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#14 of 28 Old 04-27-2011, 11:22 AM
 
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Originally Posted by whatsnextmom View Post
get them prepped for the real world where you don't always get to wear whatever you want to the office.


You also don't get forced to take a job if you aren't comfortable with the dress code, unlike school where the child has no choice in which school they want to attend.

 

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#15 of 28 Old 04-27-2011, 11:39 AM
 
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... get them prepped for the real world where you don't always get to wear whatever you want to the office.



Where does this kind of thinking come from? I wore whatever I wanted in high school, including studded gauntlets, a denim vest with a horned skull on the back (resting on a bed of pot leaves, and with flames shooting up all around it), a see-through shirt and Elvira: Mistress of the Night style makeup. And, then I got a job in an office, and wore black pumps, black dress pants, and an assortment of tidy, neat blouses and/or sweaters (depending on the time of year). DS1 wears whatever he wants to school, including feather boas and bandanas...and then he quite happily changes into his uniform to go to work. School and work aren't the same thing, in many ways, so the "get them prepped for the real world" thing makes very little sense to me. In almost 43 years of life, I've never run into anything that resembles real life as little as school does.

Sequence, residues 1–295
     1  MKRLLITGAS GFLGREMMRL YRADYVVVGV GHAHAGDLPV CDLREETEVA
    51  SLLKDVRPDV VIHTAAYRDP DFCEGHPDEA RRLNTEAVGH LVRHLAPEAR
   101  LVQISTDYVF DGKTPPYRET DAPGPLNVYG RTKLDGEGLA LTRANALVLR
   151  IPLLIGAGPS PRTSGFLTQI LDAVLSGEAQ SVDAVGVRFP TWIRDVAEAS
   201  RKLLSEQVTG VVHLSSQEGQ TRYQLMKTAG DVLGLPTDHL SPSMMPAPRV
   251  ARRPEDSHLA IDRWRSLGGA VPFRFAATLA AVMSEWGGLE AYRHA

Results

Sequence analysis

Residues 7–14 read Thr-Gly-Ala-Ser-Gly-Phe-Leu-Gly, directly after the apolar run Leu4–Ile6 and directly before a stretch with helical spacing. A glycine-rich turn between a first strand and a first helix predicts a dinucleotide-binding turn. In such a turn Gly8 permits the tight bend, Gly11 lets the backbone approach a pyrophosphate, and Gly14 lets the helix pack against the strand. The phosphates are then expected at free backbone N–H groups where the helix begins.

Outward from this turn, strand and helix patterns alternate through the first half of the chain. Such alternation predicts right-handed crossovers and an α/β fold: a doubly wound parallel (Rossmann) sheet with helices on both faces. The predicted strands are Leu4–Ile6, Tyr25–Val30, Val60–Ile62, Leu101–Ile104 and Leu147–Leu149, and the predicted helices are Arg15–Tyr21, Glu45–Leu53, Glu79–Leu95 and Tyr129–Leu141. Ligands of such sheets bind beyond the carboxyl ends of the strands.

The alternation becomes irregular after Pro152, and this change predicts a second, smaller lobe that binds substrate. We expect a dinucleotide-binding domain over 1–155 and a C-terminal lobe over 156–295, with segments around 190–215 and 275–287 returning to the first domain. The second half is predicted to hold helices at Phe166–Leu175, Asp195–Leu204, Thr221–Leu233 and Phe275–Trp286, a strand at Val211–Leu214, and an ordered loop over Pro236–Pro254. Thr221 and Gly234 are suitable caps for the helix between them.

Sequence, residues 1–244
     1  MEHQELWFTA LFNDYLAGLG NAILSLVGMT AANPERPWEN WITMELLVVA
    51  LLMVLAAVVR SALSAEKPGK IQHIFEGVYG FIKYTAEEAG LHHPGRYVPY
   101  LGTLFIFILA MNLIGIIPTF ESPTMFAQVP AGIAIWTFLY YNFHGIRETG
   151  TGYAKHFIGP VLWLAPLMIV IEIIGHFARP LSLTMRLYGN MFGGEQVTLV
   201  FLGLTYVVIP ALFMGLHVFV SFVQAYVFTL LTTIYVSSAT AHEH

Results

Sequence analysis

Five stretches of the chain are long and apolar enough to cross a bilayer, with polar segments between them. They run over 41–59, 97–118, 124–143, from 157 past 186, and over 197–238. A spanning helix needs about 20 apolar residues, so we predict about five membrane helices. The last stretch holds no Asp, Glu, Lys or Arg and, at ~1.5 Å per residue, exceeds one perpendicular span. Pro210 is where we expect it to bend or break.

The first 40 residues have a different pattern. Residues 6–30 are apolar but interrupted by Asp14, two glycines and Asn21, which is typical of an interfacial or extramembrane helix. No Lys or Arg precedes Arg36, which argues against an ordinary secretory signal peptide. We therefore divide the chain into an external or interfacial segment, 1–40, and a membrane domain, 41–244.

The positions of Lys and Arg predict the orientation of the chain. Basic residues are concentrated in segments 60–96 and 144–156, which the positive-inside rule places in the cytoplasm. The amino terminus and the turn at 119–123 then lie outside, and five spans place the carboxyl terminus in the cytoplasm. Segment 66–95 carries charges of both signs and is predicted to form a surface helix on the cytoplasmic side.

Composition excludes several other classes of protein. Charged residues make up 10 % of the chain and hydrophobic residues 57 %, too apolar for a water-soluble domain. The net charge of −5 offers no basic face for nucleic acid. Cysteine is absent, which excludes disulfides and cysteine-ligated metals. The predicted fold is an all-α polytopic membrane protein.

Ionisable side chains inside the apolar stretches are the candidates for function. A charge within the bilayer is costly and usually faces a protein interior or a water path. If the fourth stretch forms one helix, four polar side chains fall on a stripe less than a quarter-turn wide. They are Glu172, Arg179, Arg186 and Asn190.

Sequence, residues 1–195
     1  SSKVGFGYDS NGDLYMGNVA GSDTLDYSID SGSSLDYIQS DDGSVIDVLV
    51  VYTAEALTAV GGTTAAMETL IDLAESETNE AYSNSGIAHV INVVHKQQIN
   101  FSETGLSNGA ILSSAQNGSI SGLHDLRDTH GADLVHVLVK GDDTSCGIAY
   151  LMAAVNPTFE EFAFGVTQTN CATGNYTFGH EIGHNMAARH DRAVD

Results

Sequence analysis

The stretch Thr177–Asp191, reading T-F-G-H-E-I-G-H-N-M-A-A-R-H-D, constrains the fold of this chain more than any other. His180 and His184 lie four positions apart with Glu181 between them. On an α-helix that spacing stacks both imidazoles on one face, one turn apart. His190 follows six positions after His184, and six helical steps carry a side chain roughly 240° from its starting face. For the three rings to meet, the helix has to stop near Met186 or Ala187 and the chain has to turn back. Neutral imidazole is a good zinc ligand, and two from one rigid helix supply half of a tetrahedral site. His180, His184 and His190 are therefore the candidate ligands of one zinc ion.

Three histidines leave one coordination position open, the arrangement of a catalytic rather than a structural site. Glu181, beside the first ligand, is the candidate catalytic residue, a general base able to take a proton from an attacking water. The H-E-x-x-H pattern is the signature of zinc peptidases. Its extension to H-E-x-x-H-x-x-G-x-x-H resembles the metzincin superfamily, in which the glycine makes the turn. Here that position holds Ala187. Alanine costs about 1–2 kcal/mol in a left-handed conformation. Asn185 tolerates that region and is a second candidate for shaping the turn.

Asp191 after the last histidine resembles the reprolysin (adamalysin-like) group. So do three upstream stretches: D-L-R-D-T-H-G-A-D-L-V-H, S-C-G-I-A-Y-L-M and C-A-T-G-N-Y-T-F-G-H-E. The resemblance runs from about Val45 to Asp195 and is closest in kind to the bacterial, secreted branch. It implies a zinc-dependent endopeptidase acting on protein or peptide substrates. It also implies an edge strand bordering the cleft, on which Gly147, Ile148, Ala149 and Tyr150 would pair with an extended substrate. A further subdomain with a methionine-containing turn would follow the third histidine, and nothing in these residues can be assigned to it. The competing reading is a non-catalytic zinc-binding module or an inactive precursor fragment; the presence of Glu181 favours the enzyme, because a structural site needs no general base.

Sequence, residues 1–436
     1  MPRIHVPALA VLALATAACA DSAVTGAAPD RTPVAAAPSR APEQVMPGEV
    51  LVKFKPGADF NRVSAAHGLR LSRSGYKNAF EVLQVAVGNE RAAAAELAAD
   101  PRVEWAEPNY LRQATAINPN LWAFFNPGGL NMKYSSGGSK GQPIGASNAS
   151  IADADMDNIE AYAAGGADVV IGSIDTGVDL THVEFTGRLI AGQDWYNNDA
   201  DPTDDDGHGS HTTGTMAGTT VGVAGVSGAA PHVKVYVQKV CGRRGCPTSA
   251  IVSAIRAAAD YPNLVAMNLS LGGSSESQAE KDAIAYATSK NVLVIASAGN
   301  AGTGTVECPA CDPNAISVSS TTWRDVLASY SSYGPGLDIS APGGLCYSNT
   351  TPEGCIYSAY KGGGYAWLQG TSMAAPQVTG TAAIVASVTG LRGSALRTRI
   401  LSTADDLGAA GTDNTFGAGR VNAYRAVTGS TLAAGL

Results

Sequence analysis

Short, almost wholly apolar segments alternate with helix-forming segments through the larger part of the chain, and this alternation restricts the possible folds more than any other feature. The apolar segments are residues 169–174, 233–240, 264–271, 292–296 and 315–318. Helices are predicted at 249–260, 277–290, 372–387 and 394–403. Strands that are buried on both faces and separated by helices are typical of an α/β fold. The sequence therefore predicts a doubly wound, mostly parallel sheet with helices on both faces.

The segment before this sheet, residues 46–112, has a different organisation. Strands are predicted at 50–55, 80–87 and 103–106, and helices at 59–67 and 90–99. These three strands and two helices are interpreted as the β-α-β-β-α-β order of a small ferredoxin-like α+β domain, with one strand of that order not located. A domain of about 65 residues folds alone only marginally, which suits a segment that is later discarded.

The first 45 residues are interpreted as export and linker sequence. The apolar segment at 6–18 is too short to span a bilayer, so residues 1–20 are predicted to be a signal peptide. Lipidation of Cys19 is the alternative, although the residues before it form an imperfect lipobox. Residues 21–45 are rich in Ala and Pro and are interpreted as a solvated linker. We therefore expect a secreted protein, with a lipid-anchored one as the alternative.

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#16 of 28 Old 04-27-2011, 12:08 PM
 
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My ds violated the dress code by wearing red shoelaces in his sneakers - the ones that they came with. Yeah. The shirt doesn't bother me at all.
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#17 of 28 Old 04-27-2011, 12:23 PM
 
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Did you wear shirts with the word "butt" on them to work lol. I think all this is just silly. Everyone is SO freaked out about feeling controlled on any front. You'd think that WE were the teenagers lol. So what if you have some guidelines on what to wear at work or school? I was a stage manager and theatre tech. I had to wear black every freaking day and clothing that I could climb around on a grid 20 feet in the air with. When I gave that up to have kids and went into teaching, I wore comfortable but put-together outfits that didn't offend anyone. My "real world" has never been suits and ties but my "real world" has always required me to make concessions for dressing appropriately for my surroundings. I'm amazed that so many would be outraged to put ANY limitations on what a kid wears to school. Maybe this is why we are faced with such an entitlement society where everyone thinks they should have what they want without having to GIVE on any point what-so-ever.